Salmon harvest in many parts of Washington peaked in the late 1800s. Many populations, further depressed by habitat destruction and dam construction, were pushed to local extinction. The federal government identified persistent overfishing as one of the primary factors in the 1990s Endangered Species Act listing of many salmon and steelhead populations as threatened or endangered.
Current harvest is co-managed by the tribes, State, and federal government through treaties, agreements, congressionally established management councils, and compacts. Harvest is highly coordinated and closely monitored and managed to protect threatened and endangered salmon. This is particularly true for Chinook, which bring high market prices for commercial fishers and are prized by recreational anglers. Chinook often are harvested in the ocean and large rivers, where differentiating between Endangered Species Act-listed fish and non-listed fish is impossible. This requires careful coordination and regulation among states, tribes, the federal government, and the Government of Canada.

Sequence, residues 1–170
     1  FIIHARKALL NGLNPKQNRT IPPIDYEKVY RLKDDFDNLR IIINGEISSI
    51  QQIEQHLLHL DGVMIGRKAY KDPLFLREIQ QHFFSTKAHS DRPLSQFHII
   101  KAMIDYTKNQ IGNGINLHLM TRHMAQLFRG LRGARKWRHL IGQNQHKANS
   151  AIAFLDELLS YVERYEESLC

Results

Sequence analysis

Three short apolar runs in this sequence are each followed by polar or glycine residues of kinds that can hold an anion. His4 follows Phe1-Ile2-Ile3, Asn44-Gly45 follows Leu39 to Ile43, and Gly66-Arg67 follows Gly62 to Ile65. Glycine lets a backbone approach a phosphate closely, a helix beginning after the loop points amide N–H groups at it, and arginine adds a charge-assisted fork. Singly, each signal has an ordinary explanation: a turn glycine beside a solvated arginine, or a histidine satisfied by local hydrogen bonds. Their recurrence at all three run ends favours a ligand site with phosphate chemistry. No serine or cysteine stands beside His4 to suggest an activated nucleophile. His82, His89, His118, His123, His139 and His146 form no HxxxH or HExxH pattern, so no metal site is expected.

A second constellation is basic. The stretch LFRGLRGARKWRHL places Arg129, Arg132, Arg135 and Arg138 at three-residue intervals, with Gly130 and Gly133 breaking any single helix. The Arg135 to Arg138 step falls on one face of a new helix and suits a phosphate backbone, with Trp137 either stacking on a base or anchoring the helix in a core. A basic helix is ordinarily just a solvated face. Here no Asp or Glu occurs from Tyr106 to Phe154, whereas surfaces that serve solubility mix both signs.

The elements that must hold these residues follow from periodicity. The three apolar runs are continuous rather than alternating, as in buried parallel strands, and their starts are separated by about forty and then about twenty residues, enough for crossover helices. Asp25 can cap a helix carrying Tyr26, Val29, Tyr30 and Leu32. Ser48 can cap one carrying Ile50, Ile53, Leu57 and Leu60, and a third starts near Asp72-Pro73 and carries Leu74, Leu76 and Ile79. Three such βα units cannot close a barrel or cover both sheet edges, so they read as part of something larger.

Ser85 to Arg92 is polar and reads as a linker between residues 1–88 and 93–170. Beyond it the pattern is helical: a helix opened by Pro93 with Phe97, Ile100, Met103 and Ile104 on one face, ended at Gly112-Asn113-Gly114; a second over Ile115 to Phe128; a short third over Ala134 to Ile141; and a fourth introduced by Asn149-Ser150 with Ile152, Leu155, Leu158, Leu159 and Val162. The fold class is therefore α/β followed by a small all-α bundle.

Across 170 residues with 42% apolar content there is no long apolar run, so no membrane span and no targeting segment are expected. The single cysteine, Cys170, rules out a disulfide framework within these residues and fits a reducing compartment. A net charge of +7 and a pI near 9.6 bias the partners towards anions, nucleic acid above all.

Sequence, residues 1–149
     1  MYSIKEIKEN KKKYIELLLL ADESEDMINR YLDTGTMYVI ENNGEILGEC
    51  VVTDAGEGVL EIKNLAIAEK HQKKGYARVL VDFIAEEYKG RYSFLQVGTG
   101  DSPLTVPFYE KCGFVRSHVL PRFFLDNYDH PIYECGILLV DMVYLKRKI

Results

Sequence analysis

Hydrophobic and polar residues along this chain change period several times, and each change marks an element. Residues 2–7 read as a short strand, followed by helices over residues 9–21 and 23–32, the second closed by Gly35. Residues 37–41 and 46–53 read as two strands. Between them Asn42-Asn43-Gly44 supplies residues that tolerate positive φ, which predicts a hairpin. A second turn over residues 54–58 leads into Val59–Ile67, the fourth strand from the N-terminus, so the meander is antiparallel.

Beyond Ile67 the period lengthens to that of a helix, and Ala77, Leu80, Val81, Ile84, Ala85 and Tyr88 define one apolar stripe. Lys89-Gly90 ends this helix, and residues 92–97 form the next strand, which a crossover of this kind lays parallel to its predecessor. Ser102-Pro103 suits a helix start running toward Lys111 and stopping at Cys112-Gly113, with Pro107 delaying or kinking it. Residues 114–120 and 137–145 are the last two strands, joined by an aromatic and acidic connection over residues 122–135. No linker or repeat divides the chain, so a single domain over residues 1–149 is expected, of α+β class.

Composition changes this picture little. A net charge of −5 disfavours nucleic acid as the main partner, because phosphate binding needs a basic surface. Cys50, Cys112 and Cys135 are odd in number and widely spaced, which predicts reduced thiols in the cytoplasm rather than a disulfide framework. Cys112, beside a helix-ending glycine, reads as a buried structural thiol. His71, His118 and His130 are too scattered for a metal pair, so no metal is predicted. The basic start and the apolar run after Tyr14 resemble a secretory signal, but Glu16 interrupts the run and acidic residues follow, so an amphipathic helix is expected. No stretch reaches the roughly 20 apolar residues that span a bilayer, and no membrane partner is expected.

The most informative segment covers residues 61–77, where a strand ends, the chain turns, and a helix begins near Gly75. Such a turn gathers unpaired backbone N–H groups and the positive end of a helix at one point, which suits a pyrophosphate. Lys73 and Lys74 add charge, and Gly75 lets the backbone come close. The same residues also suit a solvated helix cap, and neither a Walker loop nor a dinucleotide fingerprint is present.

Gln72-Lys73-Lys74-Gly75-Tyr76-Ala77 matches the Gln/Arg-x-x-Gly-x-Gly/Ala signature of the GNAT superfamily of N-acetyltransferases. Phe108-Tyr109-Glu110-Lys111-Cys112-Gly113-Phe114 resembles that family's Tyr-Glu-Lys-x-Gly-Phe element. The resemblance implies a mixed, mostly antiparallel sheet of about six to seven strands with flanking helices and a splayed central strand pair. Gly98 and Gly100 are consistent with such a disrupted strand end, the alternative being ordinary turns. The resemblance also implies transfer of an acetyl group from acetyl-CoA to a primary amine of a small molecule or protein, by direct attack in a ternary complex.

PRIORITIES AND PROGRESS
Effective co-management between the State and tribes has reduced harvest impacts in Washington on threatened or endangered salmon. Fishing is sustained by some healthy wild populations and many abundant hatchery-origin runs. Effectively catching hatchery fish while avoiding at-risk wild populations is a key harvest management priority.
Harvest is highly coordinated and closely monitored and managed to protect threatened and endangered salmon.
Photograph of JohnYukluk, Tom Hayes, Gailan Westervelt, and Jack Giard reef net fishing for salmon off Lopez Island, courtesy of NOAA